Purpose: To examine correlates of human papillomavirus (HPV) vaccine awareness and information sources in a state requiring schools to inform parents about HPV vaccine. Methods: Telephone survey of a North Carolina population-based sample of 696 parents of females aged 10-17 years about HPV vaccine awareness and information sources (daughters' schools, healthcare provider, drug company advertisements, news stories) was conducted. Results: Overall, 91% of parents had heard of HPV vaccine. Parents were more likely to be aware if they had household incomes of $50,000 or higher, were women, had non-Hispanic white daughters, or had daughters vaccinated against meningitis. Information sources included drug company advertisements (64%), healthcare providers (50%), news stories (50%), and schools (9%). Only parents who heard from their children's healthcare providers were more likely to initiate HPV vaccine for their daughters. Conclusions: Parents had rarely heard of the vaccine through schools. The only source associated with vaccine initiation was hearing from a healthcare provider.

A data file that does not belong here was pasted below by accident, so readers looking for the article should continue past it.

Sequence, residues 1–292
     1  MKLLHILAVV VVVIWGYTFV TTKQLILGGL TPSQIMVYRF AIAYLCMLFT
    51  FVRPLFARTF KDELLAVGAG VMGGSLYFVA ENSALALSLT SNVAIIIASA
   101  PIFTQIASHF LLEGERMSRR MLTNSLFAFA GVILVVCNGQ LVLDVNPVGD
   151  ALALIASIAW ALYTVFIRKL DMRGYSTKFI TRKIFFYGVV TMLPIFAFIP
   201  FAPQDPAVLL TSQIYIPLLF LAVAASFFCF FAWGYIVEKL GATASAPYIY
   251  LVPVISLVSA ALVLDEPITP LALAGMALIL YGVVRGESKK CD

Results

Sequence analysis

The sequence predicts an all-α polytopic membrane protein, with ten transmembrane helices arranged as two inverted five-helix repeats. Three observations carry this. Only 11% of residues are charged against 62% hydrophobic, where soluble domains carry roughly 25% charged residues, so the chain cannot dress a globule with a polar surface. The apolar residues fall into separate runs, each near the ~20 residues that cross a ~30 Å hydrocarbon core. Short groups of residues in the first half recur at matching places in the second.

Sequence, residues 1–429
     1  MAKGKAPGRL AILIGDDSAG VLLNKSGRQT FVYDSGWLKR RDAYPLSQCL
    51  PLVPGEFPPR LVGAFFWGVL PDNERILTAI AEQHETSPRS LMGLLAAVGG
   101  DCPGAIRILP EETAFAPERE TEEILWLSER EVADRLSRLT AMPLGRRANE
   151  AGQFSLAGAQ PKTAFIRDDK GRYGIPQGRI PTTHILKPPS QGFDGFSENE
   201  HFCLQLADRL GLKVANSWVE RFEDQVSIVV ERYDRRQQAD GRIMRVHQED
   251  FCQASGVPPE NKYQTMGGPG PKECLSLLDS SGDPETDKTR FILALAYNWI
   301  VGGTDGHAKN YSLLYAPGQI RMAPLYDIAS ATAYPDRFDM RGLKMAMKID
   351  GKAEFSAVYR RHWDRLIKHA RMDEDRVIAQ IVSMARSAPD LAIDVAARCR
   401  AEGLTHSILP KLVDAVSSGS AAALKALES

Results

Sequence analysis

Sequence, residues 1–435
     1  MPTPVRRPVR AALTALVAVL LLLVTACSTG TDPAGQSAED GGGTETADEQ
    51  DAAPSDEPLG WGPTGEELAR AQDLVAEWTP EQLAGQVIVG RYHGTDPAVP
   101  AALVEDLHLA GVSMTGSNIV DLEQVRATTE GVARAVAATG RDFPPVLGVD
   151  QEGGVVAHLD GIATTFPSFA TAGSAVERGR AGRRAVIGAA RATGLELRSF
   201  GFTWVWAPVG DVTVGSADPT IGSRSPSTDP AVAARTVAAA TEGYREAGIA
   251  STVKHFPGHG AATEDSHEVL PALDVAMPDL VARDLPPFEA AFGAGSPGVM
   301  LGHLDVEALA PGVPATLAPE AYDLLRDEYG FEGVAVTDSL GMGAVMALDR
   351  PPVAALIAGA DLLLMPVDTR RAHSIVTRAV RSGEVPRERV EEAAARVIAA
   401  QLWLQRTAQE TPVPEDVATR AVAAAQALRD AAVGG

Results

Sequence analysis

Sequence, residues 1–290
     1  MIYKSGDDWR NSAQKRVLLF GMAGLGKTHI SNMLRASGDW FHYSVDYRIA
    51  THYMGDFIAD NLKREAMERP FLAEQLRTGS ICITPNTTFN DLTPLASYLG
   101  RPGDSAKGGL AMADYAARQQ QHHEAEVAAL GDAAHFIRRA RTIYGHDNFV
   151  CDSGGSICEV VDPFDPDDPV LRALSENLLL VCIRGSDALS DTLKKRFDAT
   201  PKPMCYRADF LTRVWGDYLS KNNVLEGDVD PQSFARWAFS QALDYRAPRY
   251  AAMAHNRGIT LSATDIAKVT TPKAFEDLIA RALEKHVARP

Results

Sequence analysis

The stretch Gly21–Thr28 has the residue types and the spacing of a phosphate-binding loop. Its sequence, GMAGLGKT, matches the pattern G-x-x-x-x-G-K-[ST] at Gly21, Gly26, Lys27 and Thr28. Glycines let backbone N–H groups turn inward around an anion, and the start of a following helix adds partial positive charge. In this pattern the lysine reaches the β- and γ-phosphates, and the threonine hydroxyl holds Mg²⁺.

Bibliographical noteFunding Information:
This study was supported by grants from the Centers for Disease Control and Prevention ( S3715-25/25 ), Cancer Control Education Program at Lineberger Comprehensive Cancer Center ( R25 CA57726 ), and American Cancer Society ( MSRG-06-259-01-CPPB ). The authors thank Donna Miles, James Cassell, Harry Herrick, Bob Woldman, and the staff at the North Carolina State Center for Health Statistics for their assistance.
- HPV vaccine
- Human papillomavirus
- Information sources
PubMed: MeSH publication types
- Journal Article
- Research Support, Non-U.S. Gov't
- Research Support, U.S. Gov't, P.H.S.